CloudMagic, the cross-platform cloud search utility for web and mobile, is now introducing a way to combine public data search with personal search. Or, more simply put, it’s rolling out a feature that works like Google’s “Search Plus Your World,” without the Google+. In its place, instead, is your data on the other online services which CloudMagic indexes, including Facebook, Twitter, Evernote, Dropbox, iCloud, Box, Microsoft Exchange, as well as Google properties like Gmail, Google Apps, Google Calendar, Google Contacts and more.
The new CloudMagic search extension works as a browser add-on in Chrome, Firefox or Safari, and functions in a similar way to Google’s “Search Plus Your World.” Once installed, a box appears next to Google search results, where other relevant data matching your Google query will appear. For example, if you search for a local business, you might find that a friend has tweeted about it; or you search for a company, and find you know someone there; or you look for a recipe, and find that you had already archived it in Evernote.
The video below shows what the above examples would look like when CloudMagic is installed:
In a nutshell, CloudMagic is like a more expansive version of Google’s Search Plus Your World.
For those unfamiliar, Google announced an update to its core search engine nearly a year ago (Search Plus Your World), which was the beginning of Google’s attempts to integrate social and personal data into search. Following the updates, search results began to include signals from your Google+ Circles. The integration meant that you would now see the things you or friends shared on Google+ being given more weight in Google’s results. The immediate reaction, of course, was that the change was less about “your world” than it was about Google+.
However, in the months since, Google has been expanding and experimenting with other ways to integrate social and personal data into Google’s main search results pages. It has been running field trials to integrate Gmail and Google Drive data into search, and just yesterday, in fact, it rolled out another experiment which introduced new search parameters that allow you to pull up online purchases, reservations, and events in Google search, again, based on your Gmail data.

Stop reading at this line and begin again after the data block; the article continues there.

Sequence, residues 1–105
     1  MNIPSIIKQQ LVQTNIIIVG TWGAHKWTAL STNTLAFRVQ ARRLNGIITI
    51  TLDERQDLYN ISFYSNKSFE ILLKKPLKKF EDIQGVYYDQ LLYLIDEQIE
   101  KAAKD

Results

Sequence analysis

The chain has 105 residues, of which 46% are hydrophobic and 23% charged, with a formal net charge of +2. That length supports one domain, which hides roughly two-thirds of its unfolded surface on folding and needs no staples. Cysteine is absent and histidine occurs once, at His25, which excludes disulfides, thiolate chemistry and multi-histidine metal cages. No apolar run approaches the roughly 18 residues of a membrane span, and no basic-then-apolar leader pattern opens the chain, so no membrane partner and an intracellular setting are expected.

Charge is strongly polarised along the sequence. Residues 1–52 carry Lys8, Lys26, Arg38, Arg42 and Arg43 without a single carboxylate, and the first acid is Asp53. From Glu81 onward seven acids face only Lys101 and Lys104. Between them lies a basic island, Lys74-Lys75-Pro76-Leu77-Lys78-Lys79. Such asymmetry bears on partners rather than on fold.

All that being said, everything that Google is doing on this front is about integrating its own properties into search. It won’t – and can’t – add in data from external sources because that’s data it doesn’t own and manage. That’s where CloudMagic comes in.
Yes, CloudMagic’s level of access means you’re authorizing a third-party to access your personal data. Some people will not be comfortable with that. But CloudMagic uses OAuth wherever possible, takes security precautions, and insists that it respects user privacy. Users already store personal data on servers at Google, Facebook, Amazon, Apple, and elsewhere, but for some, when that data becomes centralized, it’s perceived as a threat.
As a longtime Cloud Magic user myself, though, I take the position that the benefits of this application (which I access multiple times per day) outweigh the risks. Your mileage may vary.
For what it’s worth, CloudMagic co-founder Rohit Nadhani says he believes that the merge of public and personal data can only be successful if attempted by a neutral their-party, such as itself.
It’s not the only startup to think this way. The company operates in the same space at Cue (formerly Greplin), but CloudMagic is focused on being a search utility rather than a more inclusive alternative to Google Now, like Cue.